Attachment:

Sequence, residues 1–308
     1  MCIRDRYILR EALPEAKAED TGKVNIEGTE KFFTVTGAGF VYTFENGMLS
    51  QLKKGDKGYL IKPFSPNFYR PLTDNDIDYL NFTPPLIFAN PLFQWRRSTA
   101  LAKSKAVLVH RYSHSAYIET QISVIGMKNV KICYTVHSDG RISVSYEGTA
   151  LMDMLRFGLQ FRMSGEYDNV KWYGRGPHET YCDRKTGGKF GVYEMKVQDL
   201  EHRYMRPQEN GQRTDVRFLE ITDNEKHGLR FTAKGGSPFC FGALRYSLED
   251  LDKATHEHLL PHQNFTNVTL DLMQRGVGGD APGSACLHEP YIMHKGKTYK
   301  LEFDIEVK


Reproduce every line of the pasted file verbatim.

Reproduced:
Sequence, residues 1–308
     1  MCIRDRYILR EALPEAKAED TGKVNIEGTE KFFTVTGAGF VYTFENGMLS
    51  QLKKGDKGYL IKPFSPNFYR PLTDNDIDYL NFTPPLIFAN PLFQWRRSTA
   101  LAKSKAVLVH RYSHSAYIET QISVIGMKNV KICYTVHSDG RISVSYEGTA
   151  LMDMLRFGLQ FRMSGEYDNV KWYGRGPHET YCDRKTGGKF GVYEMKVQDL
   201  EHRYMRPQEN GQRTDVRFLE ITDNEKHGLR FTAKGGSPFC FGALRYSLED
   251  LDKATHEHLL PHQNFTNVTL DLMQRGVGGD APGSACLHEP YIMHKGKTYK
   301  LEFDIEVK